entirely, which massively impairs browser utility, browser users are
   vulnerable to this type of attack.

   "X-Frame-Options" allows a secure web page from host B to declare
   that its content (for example a button, links, text, etc.) must not
   be displayed in a frame (<frame> or <iframe>) of another page (e.g.
   from host A).  This is done by a policy declared in the HTTP header
   and enforced by browser implementations as documented here.

1.1.  Requirements Language

   The key words "MUST", "MUST NOT", "REQUIRED", "SHALL", "SHALL NOT",
   "SHOULD", "SHOULD NOT", "RECOMMENDED", "MAY", and "OPTIONAL" in this
   document are to be interpreted as described in RFC 2119 [RFC2119].

2.  X-Frame-Options Header

   The X-Frame-Options HTTP response header field indicates a policy on
   whether the browser should render the transmitted resource within a
   <frame> or <iframe>.  Servers can declare this policy in the header
   of their HTTP responses to prevent clickjacking attacks, and by this
   ensuring that their content is not embedded into other pages or
   frames.

2.1.  Syntax

   The header field name is:
   X-Frame-Options






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   There are three different values for the header field.  These values
   are mutually exclusive, that is exactly one of the three values MUST
   be set.

   DENY
         A browser receiving content with this header MUST NOT display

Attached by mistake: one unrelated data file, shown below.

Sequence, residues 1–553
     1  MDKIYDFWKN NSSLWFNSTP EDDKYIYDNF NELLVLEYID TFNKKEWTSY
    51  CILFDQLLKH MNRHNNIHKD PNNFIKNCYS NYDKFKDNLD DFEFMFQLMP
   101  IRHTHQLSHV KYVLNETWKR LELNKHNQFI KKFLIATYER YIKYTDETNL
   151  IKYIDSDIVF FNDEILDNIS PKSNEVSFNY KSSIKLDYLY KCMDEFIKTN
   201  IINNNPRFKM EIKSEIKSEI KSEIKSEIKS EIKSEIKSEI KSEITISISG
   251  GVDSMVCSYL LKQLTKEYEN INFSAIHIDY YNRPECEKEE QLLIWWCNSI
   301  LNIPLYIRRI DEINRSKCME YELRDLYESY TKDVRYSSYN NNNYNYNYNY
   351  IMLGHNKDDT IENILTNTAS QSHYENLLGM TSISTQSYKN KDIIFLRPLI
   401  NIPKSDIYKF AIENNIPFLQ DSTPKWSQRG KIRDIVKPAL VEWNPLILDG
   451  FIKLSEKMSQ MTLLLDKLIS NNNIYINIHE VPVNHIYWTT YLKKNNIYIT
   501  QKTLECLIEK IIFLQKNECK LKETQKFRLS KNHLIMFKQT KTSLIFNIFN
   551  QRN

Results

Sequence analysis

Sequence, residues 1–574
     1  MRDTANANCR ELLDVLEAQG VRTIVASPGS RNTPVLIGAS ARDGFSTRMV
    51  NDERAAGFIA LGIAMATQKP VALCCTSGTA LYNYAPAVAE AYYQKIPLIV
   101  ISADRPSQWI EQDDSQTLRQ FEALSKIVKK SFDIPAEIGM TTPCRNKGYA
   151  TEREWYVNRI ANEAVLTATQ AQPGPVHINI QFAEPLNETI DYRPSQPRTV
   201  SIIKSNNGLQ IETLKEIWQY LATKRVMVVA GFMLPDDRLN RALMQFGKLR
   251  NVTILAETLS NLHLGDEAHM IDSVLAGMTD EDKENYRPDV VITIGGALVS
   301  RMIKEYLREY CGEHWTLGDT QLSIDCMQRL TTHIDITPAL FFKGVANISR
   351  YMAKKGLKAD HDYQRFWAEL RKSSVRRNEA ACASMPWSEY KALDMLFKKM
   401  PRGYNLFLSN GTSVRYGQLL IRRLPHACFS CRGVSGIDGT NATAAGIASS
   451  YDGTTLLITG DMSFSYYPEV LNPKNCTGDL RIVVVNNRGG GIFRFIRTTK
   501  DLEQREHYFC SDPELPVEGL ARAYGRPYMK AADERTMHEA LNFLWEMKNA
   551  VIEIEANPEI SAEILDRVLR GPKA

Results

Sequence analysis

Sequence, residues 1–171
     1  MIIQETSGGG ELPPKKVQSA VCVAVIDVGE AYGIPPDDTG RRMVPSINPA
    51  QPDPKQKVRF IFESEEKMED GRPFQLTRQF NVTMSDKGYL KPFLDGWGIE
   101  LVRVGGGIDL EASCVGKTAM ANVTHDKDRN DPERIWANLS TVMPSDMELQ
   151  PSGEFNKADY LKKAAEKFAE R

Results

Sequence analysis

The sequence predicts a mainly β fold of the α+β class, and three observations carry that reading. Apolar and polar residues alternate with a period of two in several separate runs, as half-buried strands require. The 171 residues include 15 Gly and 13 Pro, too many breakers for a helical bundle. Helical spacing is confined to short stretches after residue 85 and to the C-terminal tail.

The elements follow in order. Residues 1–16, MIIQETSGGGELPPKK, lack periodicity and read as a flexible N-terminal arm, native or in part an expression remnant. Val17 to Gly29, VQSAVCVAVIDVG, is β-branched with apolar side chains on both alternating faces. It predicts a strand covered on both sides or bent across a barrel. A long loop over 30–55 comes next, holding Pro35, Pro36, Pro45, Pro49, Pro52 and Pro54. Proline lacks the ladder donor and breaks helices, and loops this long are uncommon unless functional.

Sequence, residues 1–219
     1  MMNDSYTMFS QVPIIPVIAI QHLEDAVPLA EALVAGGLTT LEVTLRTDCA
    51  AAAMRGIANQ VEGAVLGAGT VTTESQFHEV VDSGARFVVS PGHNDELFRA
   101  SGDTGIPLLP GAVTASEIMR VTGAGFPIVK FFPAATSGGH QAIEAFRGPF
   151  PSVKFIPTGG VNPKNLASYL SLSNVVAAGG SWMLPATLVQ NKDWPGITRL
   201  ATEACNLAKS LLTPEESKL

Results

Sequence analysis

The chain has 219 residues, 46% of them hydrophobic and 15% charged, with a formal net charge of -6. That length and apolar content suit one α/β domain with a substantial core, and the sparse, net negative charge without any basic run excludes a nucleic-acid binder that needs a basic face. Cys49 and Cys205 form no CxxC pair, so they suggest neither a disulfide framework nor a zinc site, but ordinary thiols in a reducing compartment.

this content in any frame.

   SAMEORIGIN
         A browser receiving content with this header field MUST NOT
         display this content in any frame from a page of different
         origin than the content itself.
         If a browser or plugin can not reliably determine whether the
         origin of the content and the frame have the same origin, this
         MUST be treated as "DENY".
         Please note that current implementations vary on the
         interpretation of this criteria: In some it only allows a page
         to be framed if the origin of the top-level browsing-context is
         identical to the origin of the content using the X-FRAME-
         OPTIONS directive; in others it may consider the origin of the
         framing page instead.

   ALLOW-FROM  (followed by a URI [RFC3986] of a trusted origin)
         A browser receiving content with this header MUST NOT display
         this content in a frame from any page with a top-level browsing
         context of different origin than the specified origin.  While
         this can expose the page to risks by the trusted origin, in
         some cases it may be necessary to allow the framing by content
         from other domains.

   If the ALLOW-FROM value is used, it MUST be followed by a valid URI.
   Any data beyond the domain address (i.e. any data after the "/"
   separator) is to be ignored.  And the algorithm to compare origins
   from [RFC6454] SHOULD be used to verify that a referring page is of
   the same origin as the content or that the referring page's origin is
   identical with the ALLOW-FROM URI.  Though in conflict with
   [RFC6454], current implementations do not consider the port as a
   defining component of the origin.